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Hoffmann, R. A wiki for the life sciences where authorship matters. Nature Genetics (2008)

A C-helix Residue, Arg-123, Has Important Roles in Both the Active and Inactive Forms of the cAMP Receptor Protein.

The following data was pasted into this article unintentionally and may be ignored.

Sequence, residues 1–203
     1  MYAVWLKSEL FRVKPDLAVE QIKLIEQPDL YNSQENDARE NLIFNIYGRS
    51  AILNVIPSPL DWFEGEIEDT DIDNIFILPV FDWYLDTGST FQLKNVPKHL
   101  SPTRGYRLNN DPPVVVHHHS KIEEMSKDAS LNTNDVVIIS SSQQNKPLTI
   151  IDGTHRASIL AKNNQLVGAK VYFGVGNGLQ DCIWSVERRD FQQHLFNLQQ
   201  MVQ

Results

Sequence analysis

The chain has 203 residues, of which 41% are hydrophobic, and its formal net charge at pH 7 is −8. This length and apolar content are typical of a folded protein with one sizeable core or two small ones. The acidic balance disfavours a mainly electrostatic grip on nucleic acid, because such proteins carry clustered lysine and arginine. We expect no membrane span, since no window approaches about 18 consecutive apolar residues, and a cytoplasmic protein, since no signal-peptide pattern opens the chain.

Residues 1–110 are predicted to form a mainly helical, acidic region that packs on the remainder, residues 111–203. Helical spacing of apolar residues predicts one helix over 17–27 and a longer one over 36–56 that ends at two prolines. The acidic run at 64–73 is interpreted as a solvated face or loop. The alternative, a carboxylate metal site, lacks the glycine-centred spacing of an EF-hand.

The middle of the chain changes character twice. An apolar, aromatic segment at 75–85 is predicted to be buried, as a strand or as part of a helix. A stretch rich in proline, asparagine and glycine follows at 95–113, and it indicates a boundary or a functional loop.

The cAMP receptor protein ( CRP) of Escherichia coli exists in an equilibrium between active and inactive forms, and the effector, cAMP, shifts that equilibrium to the active form, thereby allowing DNA binding. For this equilibrium shift, a C-helix repositioning around the C-helix residues Thr-127 and Ser-128 has been reported as a critical local event along with proper beta4/beta5 positioning. Here we show that another C-helix residue, Arg-123, has a unique role in cAMP-dependent CRP activation in two different ways. First, Arg-123 is important for proper cAMP affinity, although it is not critical for the conformational change with saturating amounts of cAMP. Second, Arg-123 is optimal for stabilizing the inactive conformation of CRP when cAMP is absent, thereby allowing a maximal range of regulation by cAMP. However, Arg-123 does not appear to be critical for a functional response to cAMP, as has been proposed previously (Berman, H. M., Ten Eyck, L. F., Goodsell, D. S., Haste, N. M., Korney, A., and Taylor, S. S. (2005) Proc. Natl. Acad. Sci. U. S. A. 102, 45-50). Based on mutagenic evidence, we also propose the basis for the stabilization of the inactive form to be through a salt interaction between Asp-68 and Arg-123.[1]


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